Japanese civil service employees warned not to harass gay colleagues

Gay rights in Japan are far behind those of many Western countries but a new policy implemented in the nation’s civil service shows some progress.

Employees of the National Personnel Authority (NPA) were instructed earlier this year to be aware of their behaviour towards LGBT colleagues.

The new policy highlights that discriminatory speech against gay and lesbian colleagues would be grounds for sexual harassment.

Suggesting that “homosexuals are sickening” or calling someone a “man-woman” are some of the examples put forward of what might constitute harassment.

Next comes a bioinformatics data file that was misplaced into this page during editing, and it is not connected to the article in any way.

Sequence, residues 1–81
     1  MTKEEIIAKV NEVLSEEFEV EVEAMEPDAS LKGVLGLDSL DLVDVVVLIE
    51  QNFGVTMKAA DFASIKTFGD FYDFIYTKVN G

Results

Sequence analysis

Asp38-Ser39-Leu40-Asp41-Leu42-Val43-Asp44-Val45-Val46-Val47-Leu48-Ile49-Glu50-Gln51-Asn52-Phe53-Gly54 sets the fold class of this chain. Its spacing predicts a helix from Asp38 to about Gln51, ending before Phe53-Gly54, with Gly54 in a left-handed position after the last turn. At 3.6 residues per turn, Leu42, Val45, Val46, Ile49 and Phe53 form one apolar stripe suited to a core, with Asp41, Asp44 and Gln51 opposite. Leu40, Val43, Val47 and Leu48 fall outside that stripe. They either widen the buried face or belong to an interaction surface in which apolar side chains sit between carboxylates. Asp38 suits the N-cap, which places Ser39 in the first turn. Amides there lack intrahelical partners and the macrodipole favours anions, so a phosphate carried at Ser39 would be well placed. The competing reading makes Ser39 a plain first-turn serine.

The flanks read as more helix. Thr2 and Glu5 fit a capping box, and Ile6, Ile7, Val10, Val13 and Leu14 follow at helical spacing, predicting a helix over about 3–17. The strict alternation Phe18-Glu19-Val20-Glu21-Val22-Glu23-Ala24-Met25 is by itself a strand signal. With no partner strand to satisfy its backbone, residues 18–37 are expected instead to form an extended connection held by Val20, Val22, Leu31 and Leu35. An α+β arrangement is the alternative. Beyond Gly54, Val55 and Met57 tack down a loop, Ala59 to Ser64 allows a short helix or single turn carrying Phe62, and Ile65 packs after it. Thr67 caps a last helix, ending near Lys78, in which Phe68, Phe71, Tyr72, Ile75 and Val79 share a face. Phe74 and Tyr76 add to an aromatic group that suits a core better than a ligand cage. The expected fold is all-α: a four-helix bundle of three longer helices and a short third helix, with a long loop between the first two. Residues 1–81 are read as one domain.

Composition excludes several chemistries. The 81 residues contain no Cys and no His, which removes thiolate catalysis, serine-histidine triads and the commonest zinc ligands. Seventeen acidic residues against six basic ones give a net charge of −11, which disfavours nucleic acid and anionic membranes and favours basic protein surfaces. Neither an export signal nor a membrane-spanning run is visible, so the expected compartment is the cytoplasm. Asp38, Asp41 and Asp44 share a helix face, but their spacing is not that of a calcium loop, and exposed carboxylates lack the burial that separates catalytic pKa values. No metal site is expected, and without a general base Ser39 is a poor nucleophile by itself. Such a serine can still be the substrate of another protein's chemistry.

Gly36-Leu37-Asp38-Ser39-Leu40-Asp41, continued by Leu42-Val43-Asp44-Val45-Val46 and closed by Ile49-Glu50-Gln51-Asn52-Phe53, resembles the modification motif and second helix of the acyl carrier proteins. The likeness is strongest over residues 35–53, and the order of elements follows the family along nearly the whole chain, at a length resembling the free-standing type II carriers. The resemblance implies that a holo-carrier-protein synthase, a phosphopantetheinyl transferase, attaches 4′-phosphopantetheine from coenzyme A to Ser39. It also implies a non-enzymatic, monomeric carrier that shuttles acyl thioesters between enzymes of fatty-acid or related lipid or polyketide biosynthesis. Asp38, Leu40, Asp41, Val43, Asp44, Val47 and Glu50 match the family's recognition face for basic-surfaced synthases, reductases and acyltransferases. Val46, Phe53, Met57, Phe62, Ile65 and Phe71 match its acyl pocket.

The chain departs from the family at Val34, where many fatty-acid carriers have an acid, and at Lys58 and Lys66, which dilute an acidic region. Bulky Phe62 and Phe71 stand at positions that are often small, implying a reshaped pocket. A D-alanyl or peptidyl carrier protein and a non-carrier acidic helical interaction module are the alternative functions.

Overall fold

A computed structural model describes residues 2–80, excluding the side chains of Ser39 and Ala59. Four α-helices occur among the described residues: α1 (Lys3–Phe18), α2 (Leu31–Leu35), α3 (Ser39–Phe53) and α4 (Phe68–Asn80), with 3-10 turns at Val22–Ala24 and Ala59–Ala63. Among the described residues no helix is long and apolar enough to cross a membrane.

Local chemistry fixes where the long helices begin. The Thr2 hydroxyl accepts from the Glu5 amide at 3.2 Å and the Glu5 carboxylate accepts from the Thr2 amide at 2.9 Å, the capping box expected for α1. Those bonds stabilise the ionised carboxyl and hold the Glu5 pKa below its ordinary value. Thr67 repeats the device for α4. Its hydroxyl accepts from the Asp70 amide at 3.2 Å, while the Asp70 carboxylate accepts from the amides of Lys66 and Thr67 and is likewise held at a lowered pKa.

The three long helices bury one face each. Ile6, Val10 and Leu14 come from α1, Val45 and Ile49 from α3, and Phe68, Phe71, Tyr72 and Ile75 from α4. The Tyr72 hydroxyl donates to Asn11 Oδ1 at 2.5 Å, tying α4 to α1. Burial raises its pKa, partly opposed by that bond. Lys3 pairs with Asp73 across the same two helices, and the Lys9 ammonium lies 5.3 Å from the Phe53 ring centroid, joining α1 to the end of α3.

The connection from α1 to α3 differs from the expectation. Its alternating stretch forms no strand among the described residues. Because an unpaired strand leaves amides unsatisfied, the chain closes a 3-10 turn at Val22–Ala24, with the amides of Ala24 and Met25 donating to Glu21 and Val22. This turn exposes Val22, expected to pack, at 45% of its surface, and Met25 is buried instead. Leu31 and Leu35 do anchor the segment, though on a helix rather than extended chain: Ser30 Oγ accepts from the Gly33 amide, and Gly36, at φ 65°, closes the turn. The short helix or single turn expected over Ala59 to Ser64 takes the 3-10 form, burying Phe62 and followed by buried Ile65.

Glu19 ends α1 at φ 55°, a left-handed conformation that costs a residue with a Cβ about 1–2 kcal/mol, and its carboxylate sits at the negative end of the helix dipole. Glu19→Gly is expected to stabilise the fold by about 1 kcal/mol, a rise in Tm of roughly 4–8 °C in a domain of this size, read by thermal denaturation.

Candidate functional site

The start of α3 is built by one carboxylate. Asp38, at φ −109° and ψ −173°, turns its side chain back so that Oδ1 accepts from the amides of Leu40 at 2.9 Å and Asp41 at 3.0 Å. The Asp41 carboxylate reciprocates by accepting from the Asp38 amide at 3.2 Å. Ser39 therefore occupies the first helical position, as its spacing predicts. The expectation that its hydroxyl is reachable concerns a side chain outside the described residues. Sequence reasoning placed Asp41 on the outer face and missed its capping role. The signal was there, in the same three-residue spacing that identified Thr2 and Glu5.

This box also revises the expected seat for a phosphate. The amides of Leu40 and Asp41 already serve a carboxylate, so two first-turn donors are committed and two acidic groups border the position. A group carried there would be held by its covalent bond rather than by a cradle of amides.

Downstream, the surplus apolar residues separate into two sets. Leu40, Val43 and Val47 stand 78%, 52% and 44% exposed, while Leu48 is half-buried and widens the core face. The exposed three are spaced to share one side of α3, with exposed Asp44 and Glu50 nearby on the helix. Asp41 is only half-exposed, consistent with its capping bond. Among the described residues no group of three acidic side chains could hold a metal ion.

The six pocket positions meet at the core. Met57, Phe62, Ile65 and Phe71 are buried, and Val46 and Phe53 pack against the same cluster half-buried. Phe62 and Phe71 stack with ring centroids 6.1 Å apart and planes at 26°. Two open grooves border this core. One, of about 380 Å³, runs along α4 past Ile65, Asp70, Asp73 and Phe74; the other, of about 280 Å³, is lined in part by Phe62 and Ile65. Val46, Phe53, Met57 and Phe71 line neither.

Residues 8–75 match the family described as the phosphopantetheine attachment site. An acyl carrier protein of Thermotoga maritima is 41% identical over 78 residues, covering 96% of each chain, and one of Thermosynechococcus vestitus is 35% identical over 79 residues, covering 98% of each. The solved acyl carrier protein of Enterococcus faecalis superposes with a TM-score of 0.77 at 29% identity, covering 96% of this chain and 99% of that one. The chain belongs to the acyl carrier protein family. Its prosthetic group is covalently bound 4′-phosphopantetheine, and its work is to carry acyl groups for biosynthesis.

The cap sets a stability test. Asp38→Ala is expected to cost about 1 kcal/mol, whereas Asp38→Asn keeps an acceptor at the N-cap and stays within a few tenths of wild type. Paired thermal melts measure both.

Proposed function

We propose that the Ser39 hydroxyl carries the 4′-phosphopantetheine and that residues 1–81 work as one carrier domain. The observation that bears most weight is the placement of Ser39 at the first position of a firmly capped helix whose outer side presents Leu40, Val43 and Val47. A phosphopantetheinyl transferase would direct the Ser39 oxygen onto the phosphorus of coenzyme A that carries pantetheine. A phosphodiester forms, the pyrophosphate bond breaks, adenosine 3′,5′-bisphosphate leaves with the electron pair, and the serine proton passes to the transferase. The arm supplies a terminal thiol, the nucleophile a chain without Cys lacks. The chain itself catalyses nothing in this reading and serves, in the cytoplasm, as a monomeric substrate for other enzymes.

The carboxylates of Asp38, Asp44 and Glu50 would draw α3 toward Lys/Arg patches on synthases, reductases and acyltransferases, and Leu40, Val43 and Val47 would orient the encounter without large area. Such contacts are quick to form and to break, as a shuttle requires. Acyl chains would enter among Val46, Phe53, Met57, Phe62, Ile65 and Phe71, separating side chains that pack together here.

“We’ve long understood these behaviors to be examples of sexual harassment, but as issues surrounding sexual minorities have become more prevalent in our society in recent years, we decided to make the rules clearer,” a spokesperson for NPA told The Mainichi.

The policy will apply to 280,000 public servants. The Japan Alliance for LGBT Legislation (J-ALL) has appealed to local government organisations and private companies to bring in similar guidelines.

Homosexuality is not illegal in the conservative nation but laws regarding age of consent and protections in the employment field are inconsistent in different areas of the country.

OIP Staff



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